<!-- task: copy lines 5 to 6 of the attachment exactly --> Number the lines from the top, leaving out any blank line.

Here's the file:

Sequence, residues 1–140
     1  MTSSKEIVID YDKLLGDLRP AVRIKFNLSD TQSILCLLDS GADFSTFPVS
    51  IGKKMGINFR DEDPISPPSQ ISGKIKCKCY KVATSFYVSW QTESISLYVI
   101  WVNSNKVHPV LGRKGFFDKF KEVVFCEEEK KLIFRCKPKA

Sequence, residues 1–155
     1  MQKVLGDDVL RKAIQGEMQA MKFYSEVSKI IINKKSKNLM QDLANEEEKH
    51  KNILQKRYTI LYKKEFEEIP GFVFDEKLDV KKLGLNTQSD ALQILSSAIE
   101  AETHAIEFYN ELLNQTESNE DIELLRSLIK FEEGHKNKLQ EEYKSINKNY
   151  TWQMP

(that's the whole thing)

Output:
Sequence, residues 1–155
     1  MQKVLGDDVL RKAIQGEMQA MKFYSEVSKI IINKKSKNLM QDLANEEEKH